Thursday, August 16, 2012
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Parent expresses concern over speeding and accidents on South Kickapoo

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[August 16, 2012]  Tuesday evening Lisa Quisenberry paid a visit to the Lincoln City Council meeting to express her concerns over a problem she is seeing on South Kickapoo Street.

She told the council that before attending the meeting she had also spoken with police Chief Ken Greenslate and Mayor Keith Snyder about what is going on in her neighborhood. She said Greenslate had responded by sending more patrols into the area, but she knows the police cannot be there constantly, and she's hoping for another solution.

The problem is the speeding and high number of accidents on South Kickapoo. Quisenberry said the street from Wyatt south is in good condition and nice and wide. In her words, it makes for a stretch of road that "is nothing but a drag strip."

In addition there have been a number of accidents in the vicinity since the first of the year. She noted an accident when a female driver under the influence had lost control of her vehicle and slammed into two vehicles owned by Quisenberry; a neighbor's van, which ended up being totaled; and a utility pole.

She also talked about another incident when a driver, again under the influence, failed to turn on his headlights, was driving too fast and hit another vehicle head-on.

She said she was thankful the police had responded so well to her request to monitor traffic in the area and noted that every time they come to her neighborhood they do stop speeders and issue tickets. However, she wondered if there was anything that could be done to permanently slow these drivers down. She mentioned perhaps installing speed bumps along the road.

She emphasized to the aldermen her concern for the children in the community. As a mother, she said she was afraid to allow her child to play in the front yard of her home. In addition, her neighbor has two children she cares for, and another neighbor down the road has eight children. Quisenberry said the yards are not safe for any of them.

Snyder asked her about the number of speed limit signs in the community. In that area the speed limit is 25 mph. Quisenberry said there are two speed limit signs on the southbound side of the street and only one on the northbound side.

Jonie Tibbs, who is the alderman for that ward, said she could understand Quisenberry's concerns. She noted it is a nice, wide street, a smooth surface and it has a hill. She said it was all conducive to speeding, and she could see it would be a worry for a parent.

Greenslate also reported about the situation, saying indeed he had increased patrols in the area since hearing from Quisenberry.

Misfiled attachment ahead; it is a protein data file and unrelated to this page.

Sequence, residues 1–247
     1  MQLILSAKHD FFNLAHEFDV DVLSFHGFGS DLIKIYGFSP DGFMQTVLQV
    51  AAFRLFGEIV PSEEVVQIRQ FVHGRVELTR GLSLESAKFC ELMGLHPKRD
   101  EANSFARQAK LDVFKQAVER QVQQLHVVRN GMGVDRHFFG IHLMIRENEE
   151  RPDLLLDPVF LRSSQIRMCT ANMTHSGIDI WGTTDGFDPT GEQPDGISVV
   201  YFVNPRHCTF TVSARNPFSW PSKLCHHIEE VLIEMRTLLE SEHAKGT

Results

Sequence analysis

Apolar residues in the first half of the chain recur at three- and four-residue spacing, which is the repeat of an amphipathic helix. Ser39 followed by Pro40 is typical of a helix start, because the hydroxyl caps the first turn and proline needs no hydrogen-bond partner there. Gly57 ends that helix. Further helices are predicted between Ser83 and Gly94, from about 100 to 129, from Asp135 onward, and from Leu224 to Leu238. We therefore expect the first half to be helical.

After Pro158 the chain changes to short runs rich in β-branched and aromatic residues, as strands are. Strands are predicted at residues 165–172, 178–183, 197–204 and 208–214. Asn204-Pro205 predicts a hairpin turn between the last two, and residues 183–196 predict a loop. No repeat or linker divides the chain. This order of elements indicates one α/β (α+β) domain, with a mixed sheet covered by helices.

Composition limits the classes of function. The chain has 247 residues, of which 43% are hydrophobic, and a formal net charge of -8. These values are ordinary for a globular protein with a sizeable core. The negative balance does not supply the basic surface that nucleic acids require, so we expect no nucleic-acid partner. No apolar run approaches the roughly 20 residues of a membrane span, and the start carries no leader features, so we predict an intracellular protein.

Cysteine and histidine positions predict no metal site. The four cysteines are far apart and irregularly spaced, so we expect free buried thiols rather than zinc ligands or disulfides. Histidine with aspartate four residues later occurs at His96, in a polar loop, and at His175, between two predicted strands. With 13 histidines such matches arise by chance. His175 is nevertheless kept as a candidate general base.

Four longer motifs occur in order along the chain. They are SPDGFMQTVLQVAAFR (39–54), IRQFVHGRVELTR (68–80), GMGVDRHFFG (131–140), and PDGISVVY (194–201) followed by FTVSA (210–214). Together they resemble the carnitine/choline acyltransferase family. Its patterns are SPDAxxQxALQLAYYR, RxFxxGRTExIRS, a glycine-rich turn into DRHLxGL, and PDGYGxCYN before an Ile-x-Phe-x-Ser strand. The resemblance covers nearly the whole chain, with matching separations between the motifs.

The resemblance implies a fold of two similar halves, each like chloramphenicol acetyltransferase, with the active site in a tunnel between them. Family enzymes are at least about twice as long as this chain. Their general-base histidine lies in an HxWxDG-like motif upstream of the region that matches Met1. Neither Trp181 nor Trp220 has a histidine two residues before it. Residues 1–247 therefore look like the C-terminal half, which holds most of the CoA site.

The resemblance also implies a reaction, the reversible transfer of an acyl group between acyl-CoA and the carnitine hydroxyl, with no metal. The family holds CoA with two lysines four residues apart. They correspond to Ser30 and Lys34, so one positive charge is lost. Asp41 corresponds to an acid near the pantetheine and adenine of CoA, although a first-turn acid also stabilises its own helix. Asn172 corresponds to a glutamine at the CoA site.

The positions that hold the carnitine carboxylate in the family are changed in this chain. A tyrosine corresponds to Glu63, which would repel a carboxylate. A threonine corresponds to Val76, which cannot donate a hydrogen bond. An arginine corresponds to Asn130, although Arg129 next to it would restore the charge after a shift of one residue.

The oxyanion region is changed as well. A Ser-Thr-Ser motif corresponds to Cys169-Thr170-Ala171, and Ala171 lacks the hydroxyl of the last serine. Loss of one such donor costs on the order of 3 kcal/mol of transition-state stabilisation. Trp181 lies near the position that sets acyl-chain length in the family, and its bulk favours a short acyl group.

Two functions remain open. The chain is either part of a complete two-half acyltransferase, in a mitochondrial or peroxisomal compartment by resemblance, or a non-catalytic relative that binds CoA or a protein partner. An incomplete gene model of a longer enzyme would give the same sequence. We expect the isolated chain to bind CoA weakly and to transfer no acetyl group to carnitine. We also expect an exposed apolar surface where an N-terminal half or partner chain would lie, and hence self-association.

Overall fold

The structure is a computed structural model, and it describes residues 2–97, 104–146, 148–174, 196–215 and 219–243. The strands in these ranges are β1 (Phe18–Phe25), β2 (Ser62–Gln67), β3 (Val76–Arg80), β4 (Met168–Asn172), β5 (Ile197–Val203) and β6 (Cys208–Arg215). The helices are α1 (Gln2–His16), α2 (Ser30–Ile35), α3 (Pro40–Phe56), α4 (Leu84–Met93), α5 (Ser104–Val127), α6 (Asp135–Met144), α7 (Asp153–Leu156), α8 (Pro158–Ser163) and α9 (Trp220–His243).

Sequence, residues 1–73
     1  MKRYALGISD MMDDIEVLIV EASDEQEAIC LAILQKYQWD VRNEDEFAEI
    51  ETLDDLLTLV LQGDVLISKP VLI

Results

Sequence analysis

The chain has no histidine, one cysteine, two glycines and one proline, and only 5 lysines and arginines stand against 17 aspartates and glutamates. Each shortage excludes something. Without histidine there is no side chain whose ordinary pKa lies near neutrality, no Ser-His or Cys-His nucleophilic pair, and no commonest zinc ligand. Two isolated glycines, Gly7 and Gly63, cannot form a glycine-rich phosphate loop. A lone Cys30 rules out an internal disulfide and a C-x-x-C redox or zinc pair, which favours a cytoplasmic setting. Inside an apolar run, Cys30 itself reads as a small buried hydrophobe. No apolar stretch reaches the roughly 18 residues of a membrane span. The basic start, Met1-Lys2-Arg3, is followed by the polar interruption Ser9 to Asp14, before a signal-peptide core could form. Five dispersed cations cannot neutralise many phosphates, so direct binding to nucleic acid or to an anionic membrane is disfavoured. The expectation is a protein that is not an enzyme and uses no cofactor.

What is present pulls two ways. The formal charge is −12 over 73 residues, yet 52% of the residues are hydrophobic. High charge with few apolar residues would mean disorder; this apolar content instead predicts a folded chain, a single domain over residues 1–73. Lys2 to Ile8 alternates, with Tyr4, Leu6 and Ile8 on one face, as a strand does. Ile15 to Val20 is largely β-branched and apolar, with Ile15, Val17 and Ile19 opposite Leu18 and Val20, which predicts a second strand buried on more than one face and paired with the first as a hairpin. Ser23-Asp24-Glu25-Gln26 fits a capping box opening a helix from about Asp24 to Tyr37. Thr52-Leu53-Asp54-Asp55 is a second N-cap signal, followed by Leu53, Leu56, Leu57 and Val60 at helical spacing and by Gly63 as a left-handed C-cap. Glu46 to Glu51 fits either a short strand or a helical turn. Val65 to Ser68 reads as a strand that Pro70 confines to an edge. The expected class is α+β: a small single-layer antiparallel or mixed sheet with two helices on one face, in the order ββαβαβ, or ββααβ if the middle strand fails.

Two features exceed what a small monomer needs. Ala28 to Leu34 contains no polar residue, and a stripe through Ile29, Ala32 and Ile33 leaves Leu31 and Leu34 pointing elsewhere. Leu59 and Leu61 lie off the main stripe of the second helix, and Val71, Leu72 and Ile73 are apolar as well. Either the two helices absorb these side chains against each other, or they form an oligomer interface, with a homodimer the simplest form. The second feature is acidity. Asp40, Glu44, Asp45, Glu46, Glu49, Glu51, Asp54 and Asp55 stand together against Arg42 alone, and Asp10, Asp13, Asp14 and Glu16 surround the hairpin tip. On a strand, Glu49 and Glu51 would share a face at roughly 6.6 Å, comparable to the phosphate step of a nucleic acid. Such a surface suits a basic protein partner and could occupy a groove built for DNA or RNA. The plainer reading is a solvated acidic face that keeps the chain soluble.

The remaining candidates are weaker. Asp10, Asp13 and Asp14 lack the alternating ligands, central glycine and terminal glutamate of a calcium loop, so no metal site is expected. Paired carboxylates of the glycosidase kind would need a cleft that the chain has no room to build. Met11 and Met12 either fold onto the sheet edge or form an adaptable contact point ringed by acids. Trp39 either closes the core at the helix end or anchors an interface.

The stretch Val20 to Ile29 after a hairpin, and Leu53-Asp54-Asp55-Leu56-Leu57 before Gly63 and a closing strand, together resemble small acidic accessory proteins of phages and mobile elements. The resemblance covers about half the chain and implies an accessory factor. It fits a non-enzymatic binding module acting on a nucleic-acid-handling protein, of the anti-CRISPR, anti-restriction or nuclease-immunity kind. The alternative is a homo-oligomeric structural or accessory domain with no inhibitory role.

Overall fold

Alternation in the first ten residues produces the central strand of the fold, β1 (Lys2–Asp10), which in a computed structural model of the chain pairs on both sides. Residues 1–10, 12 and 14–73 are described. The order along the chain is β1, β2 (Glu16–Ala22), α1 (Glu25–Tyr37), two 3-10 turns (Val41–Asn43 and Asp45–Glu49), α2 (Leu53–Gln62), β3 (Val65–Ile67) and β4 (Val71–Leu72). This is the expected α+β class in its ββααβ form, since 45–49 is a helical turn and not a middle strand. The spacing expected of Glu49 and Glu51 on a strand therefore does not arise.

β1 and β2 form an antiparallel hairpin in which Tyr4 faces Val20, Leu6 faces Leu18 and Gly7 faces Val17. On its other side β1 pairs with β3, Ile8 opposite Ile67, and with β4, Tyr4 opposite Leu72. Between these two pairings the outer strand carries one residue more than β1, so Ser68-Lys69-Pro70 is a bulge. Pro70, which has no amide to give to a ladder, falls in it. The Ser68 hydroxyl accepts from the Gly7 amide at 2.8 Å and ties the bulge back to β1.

He also delivered some statistics for the aldermen to consider.

Between the dates of Aug. 14, 2011, and Aug. 14, 2012, there have been eight accidents on South Kickapoo. In that same time period there have been 13 accidents on North Kickapoo. Greenslate added that in that same time period, the most accidents to occur were actually on Wyatt Avenue.

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In addition, he noted that two of the three accidents since the first of the year were also alcohol-related. He then told the council that accidents occur in "clusters." He said the department sees more accidents in the summer, when people are out and about and driving too fast, and more in the winter when road conditions are hazardous. The police see fewer accidents in the spring and fall.

Darren Forgy was filling the seat of the city engineer Tuesday night on behalf of Prairie Engineers. Snyder asked Forgy if there was something that could be done.

Forgy said his firm would look at the situation, but the first thought that came to mind was to create a perception that the road is narrower than it actually is.

He said this could be done by planting trees closer to the curb, for example. Forgy explained that changing the perception of the street could help slow down the traffic.

Quisenberry wondered if a stop sign could be placed at Frorer Avenue, but Greenslate said stop signs should not be used as a means of slowing down traffic. He said it could create a more dangerous situation in that "more people would blow the stop sign."

While these conversations were going on, a side conversation was taking place among those sitting at the department head tables.

When Marty Neitzel asked about painting parking lines along the street, Forgy said that was what the discussion among the department heads had been about.

He said that, yes, that could be an option that would help. Parking is currently allowed on both sides of the street, but spaces are not marked. Forgy said marking the spaces would make the street appear narrower and could slow people down.

The discussions ended with no need for further action by the council, but with an understanding that Forgy will look into possible options that might help slow traffic down naturally.


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